The EPA estimates that indoor air quality is 2 to 10 times more polluted than outdoor air quality. The biggest culprit contributing to that level in your bathroom is a PVC shower curtain. The strong odor you smell when you open a new PVC shower curtain can instantly make you nauseous or give you a headache and it often sticks around for days, weeks or even months. The stench comes from volatile organic compounds (VOCs) being released into the air. According to Mike Schade, PVC Campaign Coordinator for The Center for Health, Environment & Justice, their study shows PVC plastics can cause developmental damage and damage the central nervous, respiratory and reproductive systems as well as the liver. The same study found some chemicals stuck around for 28 days after a new curtain was hung. You're not just doing damage to the air in your bathroom either; it circulates throughout your entire home. So avoid plastic shower curtains labeled as "vinyl" or "PVC" and ones with the number "3" recycling symbol.

The greenest solution is to skip the curtain altogether and install a glass door. Sure it's an investment, but it'll improve the look and feel of your bathroom and stop you from constantly having to replace your liner. If you want a less labor-intensive solution, look for natural fabrics. Some work well without a liner, especially if you have a well-ventilated bathroom to help them dry. Canvas naturally wicks away moisture while hemp curtains are naturally mildew resistant. Or if you can't give up your liner, Loux suggests using an organic cotton curtain lined with a nylon one. While nylon is synthetic, it doesn't pollute your air like PVC. But if you think you've found a goldmine with a water-resistant fabric liner, it's probably too good to be true according to Loux. Most use the same type of chemicals found on non-stick pans-they're not healthy for you or the environment. Check out our favorite green options in Sprig's Top 10 Most Stylish Shower Curtains.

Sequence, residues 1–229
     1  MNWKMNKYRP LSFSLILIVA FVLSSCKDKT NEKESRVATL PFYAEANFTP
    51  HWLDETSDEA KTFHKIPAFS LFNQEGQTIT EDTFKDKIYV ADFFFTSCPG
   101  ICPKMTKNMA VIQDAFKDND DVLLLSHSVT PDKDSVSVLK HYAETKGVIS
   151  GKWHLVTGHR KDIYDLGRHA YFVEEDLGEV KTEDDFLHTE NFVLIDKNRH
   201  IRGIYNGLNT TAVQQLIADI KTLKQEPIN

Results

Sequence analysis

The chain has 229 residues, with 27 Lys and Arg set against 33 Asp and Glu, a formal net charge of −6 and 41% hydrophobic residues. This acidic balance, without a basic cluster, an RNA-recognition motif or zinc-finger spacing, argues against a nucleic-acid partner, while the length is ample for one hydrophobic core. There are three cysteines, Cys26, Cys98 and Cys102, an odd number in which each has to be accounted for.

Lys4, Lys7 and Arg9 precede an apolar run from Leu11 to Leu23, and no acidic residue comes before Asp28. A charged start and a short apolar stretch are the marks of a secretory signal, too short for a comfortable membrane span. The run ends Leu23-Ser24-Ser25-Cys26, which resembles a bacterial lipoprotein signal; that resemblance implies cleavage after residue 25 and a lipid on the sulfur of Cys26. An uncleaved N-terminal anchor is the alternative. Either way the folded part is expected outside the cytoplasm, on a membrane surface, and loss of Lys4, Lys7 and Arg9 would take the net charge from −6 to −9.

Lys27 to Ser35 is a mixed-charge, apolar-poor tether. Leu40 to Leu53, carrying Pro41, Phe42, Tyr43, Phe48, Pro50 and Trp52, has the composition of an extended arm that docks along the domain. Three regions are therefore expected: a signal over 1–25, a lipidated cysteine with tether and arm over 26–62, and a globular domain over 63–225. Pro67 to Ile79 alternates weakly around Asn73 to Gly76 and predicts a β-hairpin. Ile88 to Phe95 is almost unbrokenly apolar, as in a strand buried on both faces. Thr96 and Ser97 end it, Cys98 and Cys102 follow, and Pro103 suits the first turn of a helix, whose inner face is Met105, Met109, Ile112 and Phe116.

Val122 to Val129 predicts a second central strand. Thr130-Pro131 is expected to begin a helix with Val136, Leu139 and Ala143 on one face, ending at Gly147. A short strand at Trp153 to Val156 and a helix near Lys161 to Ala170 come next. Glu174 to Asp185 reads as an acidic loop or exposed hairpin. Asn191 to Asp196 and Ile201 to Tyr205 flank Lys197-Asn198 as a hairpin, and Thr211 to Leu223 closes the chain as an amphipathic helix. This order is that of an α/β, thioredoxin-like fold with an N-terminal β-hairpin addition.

Of course, with fabric curtains mildew is more likely to grow. Avoid bright white styles because mildew will be more visible and can stain. Also, make a habit of throwing your curtain in the washing machine once a month. Even better, hang it in the sun to dry periodically-sunlight is one of the best ways to kill mildew according to Loux. She also suggests filling a spray bottle with water and a few drops of lavender, rosemary or tea tree oil. Spray it on your curtain post shower. It'll smell wonderful and help kill mildew all at the same time.

Another great bathroom addition is a plant that tolerates low light and thrives in humidty. "They're a brilliant way to filter your air," says Loux. They produce fresh oxygen, pull chemicals from the air and help regulate humidity to reduce mold and microbes.